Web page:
The Secret of Bulb Culture – How to Tell a Good Flower Bulb from a Bad One

November 10, 2015

I found this sweet 1909 Boddington’s Plant catalog and Autumn Garden guide with a page titled ‘The Secret of Bulb Culture’ in the Heritage Biodiversity Library.  The pretty graphic cover caught my eye, but on closer inspection, I also learned a few things about how to tell if you have a good flower bulb or a less good bulb.  I’ve pulled out the tidbits of great bulb advice below — but I’ve included the whole page at the bottom so that you can read it for yourself. It is a charming relic.

Autumn bulb advice from a 1909 boddingtons plant catalog.

How to tell if you have a good flower bulb?

“To convince ourselves of this, all we have to do is to cut open a bulb and, if we have patience and a good magnifying glass, we can count every blossom which that bulb bad the possibility of making.”

What a great bit of information! I had no idea you could dissect bulbs to see how many flowers would come. Certainly, you don’t want to do this with every bulb as it will likely ruin the bulb from growing. Still, it is interesting that we can do a bit of consumer confidence investigation and see just how well a sample bulb will perform.  

This seems like a good TikTok video (or even better a kid’s science fair project) – gather bulbs of various varieties and from different suppliers and cut them open to see the differences. Then also grow them out to make correlations to how they perform.

I’ve generally been pretty happy with the bulbs I’ve purchased in the last few years, but I do recall years where performance was less than stellar – I’d love to do a side-by-side comparison.

The Secret of Bulb Culture - How to tell a good bulb from a bad one

Does Flower Bulb Size Matter?

Yes – A bigger bulb will perform better, likely with bigger flowers, more flowers (if it is multi-flowering), and heftier stalks and foliage. Bulbs are graded on size in the industry and you will generally pay more for bigger better bulbs.

But here is what Boddingtons has to say:

“A first-size crocus bulb should measure three inches in circumference and produce four to six flowers.”

-Wilhelm Miller in Boddington’s 1909 Garden Guide

Is this still true? Or are our bulbs even bigger now – over 100 years later – and producing even more flowers?  I need to pay better attention! But suffice it to say, bulb size does matter (when comparing like with like).

How to tell a good bulb from a bad one - the secret to bulb culture
Flower bulb isolated on white

How can you tell the of a quality flower garden bulb?

“How can one tell a quality bulb? As a rule, the bigger the bulb, the more the flowers and the higher the price, but that isn’t all! You want a bulb that is heavy for its size. It is the solid, close-grained bulb that has the hardiness to resist wet and cold; it is the loose, sappy one that falls an easy prey to disease.”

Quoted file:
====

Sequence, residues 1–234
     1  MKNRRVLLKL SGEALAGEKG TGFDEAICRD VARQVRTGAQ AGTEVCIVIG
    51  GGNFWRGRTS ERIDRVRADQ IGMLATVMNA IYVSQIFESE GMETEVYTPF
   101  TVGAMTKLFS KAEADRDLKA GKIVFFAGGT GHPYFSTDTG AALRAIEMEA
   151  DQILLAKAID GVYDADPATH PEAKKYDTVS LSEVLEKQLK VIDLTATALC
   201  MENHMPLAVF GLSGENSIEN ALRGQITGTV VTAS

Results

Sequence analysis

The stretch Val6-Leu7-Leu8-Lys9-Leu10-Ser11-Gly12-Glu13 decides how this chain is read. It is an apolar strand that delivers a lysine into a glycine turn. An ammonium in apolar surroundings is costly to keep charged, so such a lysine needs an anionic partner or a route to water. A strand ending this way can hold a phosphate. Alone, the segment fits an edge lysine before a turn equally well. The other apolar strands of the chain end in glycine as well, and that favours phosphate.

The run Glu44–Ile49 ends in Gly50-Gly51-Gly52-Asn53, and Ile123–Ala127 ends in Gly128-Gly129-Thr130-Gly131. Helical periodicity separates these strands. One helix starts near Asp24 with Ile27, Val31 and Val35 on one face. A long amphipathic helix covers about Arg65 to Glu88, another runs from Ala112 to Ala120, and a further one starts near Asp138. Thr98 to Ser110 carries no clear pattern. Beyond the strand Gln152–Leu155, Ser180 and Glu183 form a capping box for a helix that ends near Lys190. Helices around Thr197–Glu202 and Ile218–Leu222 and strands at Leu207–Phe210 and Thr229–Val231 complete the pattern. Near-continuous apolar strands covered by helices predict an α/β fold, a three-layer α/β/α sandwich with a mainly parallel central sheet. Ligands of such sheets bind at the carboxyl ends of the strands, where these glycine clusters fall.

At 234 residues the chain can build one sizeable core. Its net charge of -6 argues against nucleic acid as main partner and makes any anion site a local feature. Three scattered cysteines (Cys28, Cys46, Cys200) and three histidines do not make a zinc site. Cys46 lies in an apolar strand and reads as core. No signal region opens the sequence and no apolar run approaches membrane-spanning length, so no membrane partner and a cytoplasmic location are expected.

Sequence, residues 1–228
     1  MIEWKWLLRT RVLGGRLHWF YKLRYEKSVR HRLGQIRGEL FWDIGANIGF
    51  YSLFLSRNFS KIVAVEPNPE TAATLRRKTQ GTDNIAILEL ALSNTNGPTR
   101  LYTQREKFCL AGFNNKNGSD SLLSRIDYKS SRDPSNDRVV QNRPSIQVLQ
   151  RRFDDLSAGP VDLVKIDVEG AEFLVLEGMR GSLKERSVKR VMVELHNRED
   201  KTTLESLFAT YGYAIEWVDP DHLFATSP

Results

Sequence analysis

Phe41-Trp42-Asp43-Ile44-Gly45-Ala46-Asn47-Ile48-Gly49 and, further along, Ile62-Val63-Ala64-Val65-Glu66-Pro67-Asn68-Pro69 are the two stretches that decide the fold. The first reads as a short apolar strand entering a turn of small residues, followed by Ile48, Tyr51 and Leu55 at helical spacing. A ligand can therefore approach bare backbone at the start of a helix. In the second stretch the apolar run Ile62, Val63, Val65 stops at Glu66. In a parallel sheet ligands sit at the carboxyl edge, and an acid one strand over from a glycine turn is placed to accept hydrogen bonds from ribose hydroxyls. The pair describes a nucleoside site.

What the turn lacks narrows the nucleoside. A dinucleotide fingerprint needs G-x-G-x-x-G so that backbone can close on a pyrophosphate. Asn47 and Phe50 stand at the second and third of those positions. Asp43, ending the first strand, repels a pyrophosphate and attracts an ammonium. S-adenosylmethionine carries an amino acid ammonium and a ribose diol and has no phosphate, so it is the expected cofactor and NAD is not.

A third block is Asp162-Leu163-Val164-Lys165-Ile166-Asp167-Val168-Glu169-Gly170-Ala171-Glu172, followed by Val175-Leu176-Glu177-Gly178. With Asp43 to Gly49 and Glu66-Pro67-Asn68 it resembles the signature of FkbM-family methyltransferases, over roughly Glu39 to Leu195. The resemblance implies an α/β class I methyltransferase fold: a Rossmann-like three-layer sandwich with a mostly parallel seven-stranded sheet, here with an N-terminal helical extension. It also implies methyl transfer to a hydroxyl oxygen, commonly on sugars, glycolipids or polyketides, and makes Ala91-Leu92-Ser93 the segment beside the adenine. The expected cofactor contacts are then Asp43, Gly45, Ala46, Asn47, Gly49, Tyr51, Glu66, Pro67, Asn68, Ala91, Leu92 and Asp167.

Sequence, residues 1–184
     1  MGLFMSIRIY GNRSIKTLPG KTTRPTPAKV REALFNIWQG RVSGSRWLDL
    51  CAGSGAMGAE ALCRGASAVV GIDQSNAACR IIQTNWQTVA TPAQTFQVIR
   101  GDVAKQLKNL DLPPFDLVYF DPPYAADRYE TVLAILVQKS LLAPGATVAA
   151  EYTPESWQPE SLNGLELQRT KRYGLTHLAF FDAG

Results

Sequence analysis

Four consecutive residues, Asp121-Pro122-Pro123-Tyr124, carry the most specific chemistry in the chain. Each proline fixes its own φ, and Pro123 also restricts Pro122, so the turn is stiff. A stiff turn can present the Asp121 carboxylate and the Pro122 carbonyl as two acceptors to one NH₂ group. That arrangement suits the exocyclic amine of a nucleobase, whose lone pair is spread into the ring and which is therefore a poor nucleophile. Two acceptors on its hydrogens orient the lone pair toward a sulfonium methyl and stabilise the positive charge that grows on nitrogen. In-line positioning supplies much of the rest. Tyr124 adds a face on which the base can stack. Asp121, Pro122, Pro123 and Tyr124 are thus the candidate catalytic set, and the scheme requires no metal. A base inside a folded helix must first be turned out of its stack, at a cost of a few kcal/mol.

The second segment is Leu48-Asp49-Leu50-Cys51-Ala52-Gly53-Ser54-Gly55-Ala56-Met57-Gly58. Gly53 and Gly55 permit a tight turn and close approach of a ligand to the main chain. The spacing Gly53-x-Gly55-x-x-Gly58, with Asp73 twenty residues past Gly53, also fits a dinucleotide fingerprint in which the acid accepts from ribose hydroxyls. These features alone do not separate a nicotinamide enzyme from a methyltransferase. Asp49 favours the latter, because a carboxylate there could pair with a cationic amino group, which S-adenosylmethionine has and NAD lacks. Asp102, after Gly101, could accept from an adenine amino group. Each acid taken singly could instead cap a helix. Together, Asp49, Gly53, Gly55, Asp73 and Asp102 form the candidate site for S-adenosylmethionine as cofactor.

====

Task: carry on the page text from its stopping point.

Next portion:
-Wilhelm Miller in Boddington’s 1909 Garden Guide

This is a great tip if you have the opportunity to hold different bulbs side by side.  Go for the heavier one!

Especially since who among us wants to have to “apologize to their callers about the condition of their flowers”? I mean, honestly!

How to make flower bulbs perform better?

“Bulbs have one weak point. They are sensitive to stagnant water. Put a little sand under each bulb, if you are in doubt, or, better still, throw out the heavy soil to the depth of two feet, put in a layer of broken bricks or stones for drainage and fill in with good soil.”

-Wilhelm Miller in Boddington’s 1909 Garden Guide

Ok, this is a bit extreme, but there may be a bit of insight to glean from this advice.

Personally, I’ve never had trouble with flower bulb performance. But it’s good to know – just in case.  And if you have clay or heavy soil it is probably worth doing some work to make your planting beds a bit better draining and hospitable to all sorts of plants – not just bulbs.


Here are some other bulb-planting posts you might find interesting:

images from the biodiversity heritage library  and  by Aaron Burden on Unsplash

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  1. Amy Renea says:

    We come home in SEVEN days and I have a box of bulbs waiting for me in Pennsylvania. I am *crossing* my fingers I can get them in a week from tomorrow and they will have a little time to settle in before the ground chills too much — STAY WARM PA!

  2. Amy Renea says:

    I also rather love the fact that you know a kindred gardening soul by how many ancient catalogs, books and gardening advertisements they tend to admire, hoard and share. 🙂

  3. Ruth Causen says:

    The soil should cool to about 50˚ before you plant in the fall. Bulbs need fairly cool soil to start rooting
    before the really cold weather comes. Don’t hurry planting if you soil is still above 50˚.

  4. Paula Mills says:

    Do you have or could you get rhubarb forcing pots?

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